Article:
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Bainbridge Little Theatre undergoing extensive renovations

If the Bainbridge Little Theatre is able to open its 46th anniversary season in September with the production of “Rumors,” patrons will be able to see some of the renovations currently being made to the theatre itself, thanks to money received from the Fogg Foundation.

Henry and Barb Intili are now the co-managers of the theatre and saw the chance this summer to make some big changes while the theatre is inactive due to the Corona Covid 19 virus.

Henry Intili explains that the building itself is very old and never had any insulation, so one of the first projects was to have foam insulation blown into the attic. He said he has noticed a big difference in the internal climate of the theatre as he works on construction there this summer.

The next big event was the removal of all the old seats and carpeting. Plans are to install bright red carpeting in the aisles only – the areas where people walk. The rest of the flooring will remain bare – either painted or stained.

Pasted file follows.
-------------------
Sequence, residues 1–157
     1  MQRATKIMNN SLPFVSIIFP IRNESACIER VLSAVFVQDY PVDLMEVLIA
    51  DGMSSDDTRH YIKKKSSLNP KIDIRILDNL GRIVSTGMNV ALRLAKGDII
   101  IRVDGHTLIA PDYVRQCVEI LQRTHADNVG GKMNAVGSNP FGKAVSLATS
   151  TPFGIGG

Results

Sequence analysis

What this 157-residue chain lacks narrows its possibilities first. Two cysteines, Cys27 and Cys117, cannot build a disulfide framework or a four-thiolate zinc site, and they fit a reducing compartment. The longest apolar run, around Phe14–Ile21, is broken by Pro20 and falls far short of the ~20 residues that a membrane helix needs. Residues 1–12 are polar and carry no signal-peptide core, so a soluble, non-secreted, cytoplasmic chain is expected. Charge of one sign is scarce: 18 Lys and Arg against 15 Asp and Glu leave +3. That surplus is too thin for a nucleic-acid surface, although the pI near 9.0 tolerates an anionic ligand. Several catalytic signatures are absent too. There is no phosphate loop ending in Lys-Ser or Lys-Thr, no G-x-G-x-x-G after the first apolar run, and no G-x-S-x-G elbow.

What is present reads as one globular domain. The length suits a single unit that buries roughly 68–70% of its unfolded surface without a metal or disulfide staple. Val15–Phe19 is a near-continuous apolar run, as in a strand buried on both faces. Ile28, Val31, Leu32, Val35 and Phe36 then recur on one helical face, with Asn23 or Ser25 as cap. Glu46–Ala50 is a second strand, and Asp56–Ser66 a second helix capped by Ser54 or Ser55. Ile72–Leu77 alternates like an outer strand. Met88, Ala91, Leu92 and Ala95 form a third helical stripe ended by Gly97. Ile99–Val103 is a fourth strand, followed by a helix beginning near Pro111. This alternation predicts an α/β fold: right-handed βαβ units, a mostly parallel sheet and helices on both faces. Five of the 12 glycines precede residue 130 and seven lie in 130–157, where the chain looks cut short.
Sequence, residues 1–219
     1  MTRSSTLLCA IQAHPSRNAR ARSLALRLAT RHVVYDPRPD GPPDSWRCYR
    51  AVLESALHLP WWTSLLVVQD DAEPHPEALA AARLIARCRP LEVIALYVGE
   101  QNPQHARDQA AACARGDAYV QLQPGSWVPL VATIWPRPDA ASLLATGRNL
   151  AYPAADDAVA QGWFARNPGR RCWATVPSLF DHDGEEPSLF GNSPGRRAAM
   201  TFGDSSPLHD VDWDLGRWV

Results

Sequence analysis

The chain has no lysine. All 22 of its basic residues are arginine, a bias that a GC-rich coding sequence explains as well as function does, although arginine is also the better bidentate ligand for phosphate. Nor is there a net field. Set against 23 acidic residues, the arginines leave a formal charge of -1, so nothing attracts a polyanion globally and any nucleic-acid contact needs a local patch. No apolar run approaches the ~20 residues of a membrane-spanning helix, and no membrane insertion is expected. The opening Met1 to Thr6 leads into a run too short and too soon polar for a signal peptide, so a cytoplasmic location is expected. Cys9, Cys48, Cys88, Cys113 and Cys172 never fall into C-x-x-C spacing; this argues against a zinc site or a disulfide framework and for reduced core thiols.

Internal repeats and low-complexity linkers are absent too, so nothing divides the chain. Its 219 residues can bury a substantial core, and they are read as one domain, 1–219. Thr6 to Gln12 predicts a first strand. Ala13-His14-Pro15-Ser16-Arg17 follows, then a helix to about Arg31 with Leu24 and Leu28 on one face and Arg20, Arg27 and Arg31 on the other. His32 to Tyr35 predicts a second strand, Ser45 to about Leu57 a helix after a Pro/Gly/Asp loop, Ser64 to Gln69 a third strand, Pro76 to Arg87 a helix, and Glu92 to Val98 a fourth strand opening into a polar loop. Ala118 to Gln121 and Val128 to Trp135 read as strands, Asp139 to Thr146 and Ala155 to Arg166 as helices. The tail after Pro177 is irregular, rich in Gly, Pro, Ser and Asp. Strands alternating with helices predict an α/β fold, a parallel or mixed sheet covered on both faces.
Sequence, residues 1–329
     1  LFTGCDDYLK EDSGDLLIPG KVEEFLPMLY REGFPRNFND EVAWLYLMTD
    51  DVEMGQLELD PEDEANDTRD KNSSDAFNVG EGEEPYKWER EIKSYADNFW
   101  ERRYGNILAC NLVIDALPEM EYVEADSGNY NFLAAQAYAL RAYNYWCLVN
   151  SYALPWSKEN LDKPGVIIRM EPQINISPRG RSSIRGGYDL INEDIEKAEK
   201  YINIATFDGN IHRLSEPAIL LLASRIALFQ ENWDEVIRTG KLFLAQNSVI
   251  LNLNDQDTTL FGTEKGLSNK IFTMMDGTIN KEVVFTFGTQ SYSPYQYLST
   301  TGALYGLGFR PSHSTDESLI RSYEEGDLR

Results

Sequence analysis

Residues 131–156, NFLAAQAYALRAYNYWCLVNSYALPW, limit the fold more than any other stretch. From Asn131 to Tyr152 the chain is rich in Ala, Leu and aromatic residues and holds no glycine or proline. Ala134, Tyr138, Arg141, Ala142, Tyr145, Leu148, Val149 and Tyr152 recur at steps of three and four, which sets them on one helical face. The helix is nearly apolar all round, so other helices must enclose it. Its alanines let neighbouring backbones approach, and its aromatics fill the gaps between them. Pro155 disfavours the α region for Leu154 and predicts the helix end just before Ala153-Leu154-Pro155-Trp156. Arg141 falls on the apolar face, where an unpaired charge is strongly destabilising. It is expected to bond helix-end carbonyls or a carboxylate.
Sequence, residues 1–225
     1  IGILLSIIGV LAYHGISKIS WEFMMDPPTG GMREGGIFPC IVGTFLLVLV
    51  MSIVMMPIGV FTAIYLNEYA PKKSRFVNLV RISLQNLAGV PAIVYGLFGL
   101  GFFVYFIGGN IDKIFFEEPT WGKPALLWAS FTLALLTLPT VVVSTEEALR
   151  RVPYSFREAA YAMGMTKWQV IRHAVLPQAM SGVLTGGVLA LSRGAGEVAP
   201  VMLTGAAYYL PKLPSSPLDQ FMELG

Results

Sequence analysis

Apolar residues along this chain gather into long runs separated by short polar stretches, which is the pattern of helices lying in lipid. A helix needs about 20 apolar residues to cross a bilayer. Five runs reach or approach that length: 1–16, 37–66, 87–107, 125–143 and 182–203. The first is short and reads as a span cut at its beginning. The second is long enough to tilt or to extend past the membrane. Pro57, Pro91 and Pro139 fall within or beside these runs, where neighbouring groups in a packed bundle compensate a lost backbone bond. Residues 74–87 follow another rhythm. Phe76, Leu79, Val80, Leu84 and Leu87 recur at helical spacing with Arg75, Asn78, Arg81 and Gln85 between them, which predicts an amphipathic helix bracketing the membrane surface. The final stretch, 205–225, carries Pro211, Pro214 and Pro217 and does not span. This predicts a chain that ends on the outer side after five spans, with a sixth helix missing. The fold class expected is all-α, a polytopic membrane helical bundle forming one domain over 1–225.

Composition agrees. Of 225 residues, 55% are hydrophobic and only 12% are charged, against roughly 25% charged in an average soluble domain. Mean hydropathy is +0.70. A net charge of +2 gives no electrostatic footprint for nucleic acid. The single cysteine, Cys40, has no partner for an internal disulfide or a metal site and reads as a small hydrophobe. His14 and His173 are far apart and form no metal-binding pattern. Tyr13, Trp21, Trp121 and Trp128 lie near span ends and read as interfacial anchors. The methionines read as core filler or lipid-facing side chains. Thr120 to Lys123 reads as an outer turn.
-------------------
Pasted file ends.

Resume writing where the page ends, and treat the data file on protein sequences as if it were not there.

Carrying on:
“This will greatly improve the acoustics,” according to Henry, who noted that with brick walls and concrete floor, it will be easier to hear the actors on stage. As for the seats, he said all were old and many broken. New seating will be more secure and comfortable.

The Fogg Foundation also helped provide for some major innovations begun last year when all new LED lighting was installed at a cost of $40,000. “It is more intense and cooler for those on stage,” explained Henry. A new lighting and sound booth was also created at that time.

The Intilis, who are famed for their set construction, have built all new smooth, wooden flats that interlock, thus replacing all the old flimsy cloth ones that shook and shimmied in the breeze as actors moved about on stage.

Other minor adjustments have been made, including the addition of hot water to the building, installation of fire extinguishers and emergency lighting back stage and upstairs, along with the addition of fire escape ladders from the upstairs.

Costs for the current projects are in excess of $50,000. Except for the insulation, the rest of the work is being completed by the Intilis and volunteers from the theatre, thus creating a big financial savings. “We would never be able to make these improvements without the generous funding from the Fogg Foundation,” said Henry.